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According to the results of a recent study
A four-day working week can have a significant positive impact on the well-being of employees, as well as on the overall performance of the participating companies. The study, conducted by a team of social scientists from the University of Cambridge, in conjunction with the think tank Autonomy and academics from Boston College in the US, was organized by 4 Day Week Global in partnership with the UK’s 4 Day Week Campaign.
The research involved several companies from various industries across the UK, including online retailers, financial service providers, animation studios, and even a local fish-and-chip shop. The trial period lasted for six months, during which around 2,900 employees dropped a day of work, resulting in a four-day working week.
TOn Tuesday, the released results of the trial suggest that the reduced working hours positively impacted the employees’ well-being, with 71% of employees self-reporting lower levels of “burnout,” and 39% stating that they experienced less stress compared to the start of the trial. The trial also showed a 65% reduction in sick days and a 57% fall in the number of staff leaving participating companies, compared to the same period the previous year.
In addition to the positive impact on the employees’ well-being, the trial did not negatively affect the companies’ revenue. In fact, for the 23 organizations that were able to provide data, there was a marginal increase in revenue by 1.4% on average during the trial period.
The report of the findings presented to UK lawmakers revealed that 92% of companies that took part in the UK pilot program (56 out of 61) said they intended to continue with the four-day working week. Furthermore, 18 companies confirmed the change as permanent.
During the trial period
Researchers surveyed employees to gauge the effects of having an extra day of free time. Self-reported levels of anxiety and fatigue decreased across workforces, while mental and physical health improved. Many survey respondents said they found it easier to balance work with both family and social commitments: 60% of employees found an increased ability to combine paid work with care responsibilities, and 62% reported it easier to combine work with social life.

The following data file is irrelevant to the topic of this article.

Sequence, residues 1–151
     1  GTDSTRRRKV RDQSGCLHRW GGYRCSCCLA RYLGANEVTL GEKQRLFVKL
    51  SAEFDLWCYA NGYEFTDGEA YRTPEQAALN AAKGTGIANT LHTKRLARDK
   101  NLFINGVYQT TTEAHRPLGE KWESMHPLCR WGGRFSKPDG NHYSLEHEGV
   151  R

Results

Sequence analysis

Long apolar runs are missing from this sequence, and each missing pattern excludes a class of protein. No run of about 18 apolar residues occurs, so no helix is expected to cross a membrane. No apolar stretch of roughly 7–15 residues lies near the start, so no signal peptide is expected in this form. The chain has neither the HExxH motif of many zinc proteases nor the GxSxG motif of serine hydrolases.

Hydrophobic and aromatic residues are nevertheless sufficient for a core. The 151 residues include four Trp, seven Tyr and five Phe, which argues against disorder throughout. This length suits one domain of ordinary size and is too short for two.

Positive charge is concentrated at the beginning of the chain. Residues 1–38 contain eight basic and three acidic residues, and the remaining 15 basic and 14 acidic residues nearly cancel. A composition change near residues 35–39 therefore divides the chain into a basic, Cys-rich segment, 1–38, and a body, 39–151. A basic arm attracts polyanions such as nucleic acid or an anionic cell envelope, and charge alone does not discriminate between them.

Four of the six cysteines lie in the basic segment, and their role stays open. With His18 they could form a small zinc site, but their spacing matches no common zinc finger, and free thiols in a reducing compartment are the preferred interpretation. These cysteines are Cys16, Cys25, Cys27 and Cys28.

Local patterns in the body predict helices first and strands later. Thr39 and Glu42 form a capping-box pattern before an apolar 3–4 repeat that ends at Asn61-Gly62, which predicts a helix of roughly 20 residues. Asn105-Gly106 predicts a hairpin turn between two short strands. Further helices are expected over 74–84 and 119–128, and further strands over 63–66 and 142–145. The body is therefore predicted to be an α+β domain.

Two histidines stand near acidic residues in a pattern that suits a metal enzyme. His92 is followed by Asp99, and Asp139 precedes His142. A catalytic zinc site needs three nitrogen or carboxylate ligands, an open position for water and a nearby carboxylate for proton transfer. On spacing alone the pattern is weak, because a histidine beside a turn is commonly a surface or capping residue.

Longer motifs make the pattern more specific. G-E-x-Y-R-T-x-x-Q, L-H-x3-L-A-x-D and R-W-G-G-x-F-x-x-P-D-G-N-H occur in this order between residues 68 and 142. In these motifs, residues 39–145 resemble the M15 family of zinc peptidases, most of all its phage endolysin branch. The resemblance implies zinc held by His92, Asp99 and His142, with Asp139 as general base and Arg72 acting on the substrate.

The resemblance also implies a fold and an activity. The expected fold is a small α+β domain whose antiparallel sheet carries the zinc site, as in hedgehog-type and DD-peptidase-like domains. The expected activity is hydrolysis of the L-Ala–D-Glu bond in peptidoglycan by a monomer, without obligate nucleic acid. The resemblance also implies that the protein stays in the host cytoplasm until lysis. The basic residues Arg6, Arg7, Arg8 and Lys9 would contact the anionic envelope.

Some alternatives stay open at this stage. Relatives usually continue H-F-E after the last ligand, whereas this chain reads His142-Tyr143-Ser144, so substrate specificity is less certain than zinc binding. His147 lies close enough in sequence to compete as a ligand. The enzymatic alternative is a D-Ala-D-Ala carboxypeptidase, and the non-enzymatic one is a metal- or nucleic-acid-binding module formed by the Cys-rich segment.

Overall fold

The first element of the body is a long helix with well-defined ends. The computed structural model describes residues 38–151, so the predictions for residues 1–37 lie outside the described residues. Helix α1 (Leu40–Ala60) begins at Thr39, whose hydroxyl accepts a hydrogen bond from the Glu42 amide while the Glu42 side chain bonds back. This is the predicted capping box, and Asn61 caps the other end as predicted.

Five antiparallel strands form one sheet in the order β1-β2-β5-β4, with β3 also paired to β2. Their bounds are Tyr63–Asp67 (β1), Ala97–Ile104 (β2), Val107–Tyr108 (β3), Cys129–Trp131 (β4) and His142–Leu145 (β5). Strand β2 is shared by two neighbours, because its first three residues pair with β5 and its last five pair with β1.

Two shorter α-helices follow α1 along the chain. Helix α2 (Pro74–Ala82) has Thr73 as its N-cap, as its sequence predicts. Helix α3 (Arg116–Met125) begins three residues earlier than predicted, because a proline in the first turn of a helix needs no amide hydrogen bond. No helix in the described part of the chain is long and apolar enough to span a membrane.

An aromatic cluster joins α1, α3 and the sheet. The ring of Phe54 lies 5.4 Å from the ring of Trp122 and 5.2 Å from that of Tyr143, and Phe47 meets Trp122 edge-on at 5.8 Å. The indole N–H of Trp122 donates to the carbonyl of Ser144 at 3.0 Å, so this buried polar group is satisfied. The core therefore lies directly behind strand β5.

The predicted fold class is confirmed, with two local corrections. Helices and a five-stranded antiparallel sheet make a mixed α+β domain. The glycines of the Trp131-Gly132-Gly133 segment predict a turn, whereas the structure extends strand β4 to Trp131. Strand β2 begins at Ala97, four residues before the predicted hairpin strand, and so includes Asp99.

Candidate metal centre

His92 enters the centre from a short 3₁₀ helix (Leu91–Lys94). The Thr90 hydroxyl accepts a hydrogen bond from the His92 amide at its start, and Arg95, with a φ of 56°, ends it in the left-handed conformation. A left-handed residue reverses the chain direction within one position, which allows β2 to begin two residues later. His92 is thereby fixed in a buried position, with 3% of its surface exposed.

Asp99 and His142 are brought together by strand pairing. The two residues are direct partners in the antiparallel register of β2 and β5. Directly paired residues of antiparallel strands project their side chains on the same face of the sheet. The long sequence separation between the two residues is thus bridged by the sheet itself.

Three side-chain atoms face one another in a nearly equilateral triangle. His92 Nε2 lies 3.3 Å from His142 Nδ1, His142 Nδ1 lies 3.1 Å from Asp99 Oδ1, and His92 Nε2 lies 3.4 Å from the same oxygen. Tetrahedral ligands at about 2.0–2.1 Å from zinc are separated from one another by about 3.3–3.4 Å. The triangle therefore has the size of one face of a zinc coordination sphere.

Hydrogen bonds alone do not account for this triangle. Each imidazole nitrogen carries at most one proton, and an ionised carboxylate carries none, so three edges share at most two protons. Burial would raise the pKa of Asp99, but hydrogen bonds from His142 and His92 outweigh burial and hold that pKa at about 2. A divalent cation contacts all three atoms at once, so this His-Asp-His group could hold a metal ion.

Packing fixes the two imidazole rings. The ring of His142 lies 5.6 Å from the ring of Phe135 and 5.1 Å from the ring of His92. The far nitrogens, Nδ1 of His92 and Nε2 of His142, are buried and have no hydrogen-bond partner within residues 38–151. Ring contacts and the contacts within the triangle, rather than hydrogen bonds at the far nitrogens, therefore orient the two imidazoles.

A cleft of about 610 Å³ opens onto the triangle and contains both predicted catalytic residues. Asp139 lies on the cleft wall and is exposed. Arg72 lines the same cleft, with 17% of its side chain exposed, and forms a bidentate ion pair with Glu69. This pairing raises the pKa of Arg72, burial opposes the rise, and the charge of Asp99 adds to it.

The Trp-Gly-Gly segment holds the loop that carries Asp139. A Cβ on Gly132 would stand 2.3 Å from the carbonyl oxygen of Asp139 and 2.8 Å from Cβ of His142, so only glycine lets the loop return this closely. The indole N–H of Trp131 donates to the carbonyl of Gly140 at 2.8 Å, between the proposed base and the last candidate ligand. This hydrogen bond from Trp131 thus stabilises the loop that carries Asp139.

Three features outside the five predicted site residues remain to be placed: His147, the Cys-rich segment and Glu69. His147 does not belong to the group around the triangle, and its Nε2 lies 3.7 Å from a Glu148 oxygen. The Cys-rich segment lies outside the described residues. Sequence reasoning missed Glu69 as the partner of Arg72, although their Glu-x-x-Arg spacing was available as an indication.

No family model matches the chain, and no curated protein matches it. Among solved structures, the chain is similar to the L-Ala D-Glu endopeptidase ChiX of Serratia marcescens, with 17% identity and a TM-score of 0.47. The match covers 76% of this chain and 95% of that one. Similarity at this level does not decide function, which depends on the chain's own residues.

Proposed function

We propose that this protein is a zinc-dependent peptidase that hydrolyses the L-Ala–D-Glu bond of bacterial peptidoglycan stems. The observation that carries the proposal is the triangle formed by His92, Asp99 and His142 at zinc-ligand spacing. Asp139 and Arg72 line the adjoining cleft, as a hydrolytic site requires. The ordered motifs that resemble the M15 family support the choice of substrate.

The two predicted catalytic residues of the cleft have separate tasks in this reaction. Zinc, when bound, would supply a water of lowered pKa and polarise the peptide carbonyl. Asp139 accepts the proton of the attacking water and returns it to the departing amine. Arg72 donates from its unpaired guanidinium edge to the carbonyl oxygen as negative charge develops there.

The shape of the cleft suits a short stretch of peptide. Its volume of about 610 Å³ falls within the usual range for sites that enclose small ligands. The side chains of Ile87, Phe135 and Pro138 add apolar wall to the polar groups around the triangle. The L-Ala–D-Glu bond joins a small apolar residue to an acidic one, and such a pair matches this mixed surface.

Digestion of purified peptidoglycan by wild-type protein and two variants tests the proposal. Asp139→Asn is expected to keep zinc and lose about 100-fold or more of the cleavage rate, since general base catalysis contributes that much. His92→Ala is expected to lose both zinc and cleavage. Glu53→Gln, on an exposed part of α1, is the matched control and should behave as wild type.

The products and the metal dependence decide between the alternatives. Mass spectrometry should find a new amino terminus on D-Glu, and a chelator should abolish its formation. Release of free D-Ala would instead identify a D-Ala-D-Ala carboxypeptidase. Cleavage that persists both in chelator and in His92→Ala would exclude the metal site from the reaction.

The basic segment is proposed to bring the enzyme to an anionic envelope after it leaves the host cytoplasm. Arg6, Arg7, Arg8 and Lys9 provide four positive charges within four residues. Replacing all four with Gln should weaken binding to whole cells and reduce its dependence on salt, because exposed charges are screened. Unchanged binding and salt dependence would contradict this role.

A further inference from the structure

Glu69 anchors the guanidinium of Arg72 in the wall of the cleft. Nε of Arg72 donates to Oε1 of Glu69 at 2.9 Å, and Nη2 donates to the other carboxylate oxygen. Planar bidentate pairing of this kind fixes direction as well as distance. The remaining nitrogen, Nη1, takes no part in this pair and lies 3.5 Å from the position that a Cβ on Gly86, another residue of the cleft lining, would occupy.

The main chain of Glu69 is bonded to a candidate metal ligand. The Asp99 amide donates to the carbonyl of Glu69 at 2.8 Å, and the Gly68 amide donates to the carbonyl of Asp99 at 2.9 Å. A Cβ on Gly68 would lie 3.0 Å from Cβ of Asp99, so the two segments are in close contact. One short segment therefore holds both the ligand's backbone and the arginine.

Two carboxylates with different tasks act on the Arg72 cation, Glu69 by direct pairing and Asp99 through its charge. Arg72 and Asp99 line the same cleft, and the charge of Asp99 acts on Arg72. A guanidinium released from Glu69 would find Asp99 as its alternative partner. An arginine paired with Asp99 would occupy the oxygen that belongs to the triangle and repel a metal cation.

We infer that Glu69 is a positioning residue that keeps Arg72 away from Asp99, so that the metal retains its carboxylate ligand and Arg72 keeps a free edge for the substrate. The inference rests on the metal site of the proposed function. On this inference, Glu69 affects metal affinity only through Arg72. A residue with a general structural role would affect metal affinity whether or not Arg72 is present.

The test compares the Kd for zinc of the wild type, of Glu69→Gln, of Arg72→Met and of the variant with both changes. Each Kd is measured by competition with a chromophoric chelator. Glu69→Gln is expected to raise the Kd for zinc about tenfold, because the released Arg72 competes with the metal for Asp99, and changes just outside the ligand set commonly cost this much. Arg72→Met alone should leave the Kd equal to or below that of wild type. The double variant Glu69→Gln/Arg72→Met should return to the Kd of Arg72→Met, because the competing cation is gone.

“Before the trial, many questioned whether we would see an increase in productivity to offset the reduction in working time – but this is exactly what we found,” said sociologist Prof Brendan Burchell, who led the University of Cambridge research.
“Many employees were very keen to find efficiency gains themselves. Workers were much less inclined to kill time, and actively sought out technologies that improved their productivity,” said Burchell.
The design of the trial involved two months of preparation for participants, with workshops and mentoring based on the experience of companies already on a shorter working week. In addition to the survey work, designed in collaboration with colleagues including Prof Juliet Schor from Boston College, the Cambridge team conducted a large number of extensive interviews with employees and company CEOs before, during and after the six-month trial.
Some senior managers told researchers they saw the four-day week as a rational response to the pandemic and believed it would give them an edge when it came to attracting talent in the post-Covid job market. Others saw it as an appealing alternative to unlimited home working, which they felt risked company culture. Several companies stopped work completely for a three-day weekend, while others staggered a reduced workforce over a week. One restaurant calculated their 32-hour week over an entire year to have long opening times in the summer, but much shorter in winter.
Despite some companies in the trial attaching strings to the reduced hours, including fewer holiday days, agreement that staff could be called in at
short notice, and cuts to benefits, the majority of employees still reported positive effects on their well-being and work-life balance.
The success of the trial has led to calls for more companies to adopt a four-day working week, with proponents arguing that it could lead to a more productive and healthier workforce, and potentially reduce the gender pay gap and increase diversity in the workplace.
However, some critics have raised concerns about the potential negative effects on small businesses, as well as the possibility of increased workloads for employees during the remaining four days.
Despite these concerns, the positive results of the trial have sparked interest from companies around the world, with countries such as New Zealand, Spain, and Japan already piloting or planning to pilot a four-day working week.
As the world of work continues to evolve
It remains to be seen whether the four-day working week will become a widespread norm, or whether it will remain a rare experiment. Nevertheless, the results of this study provide compelling evidence that reducing working hours can have significant benefits for both employees and companies, and could pave the way for a more sustainable and equitable future of work.
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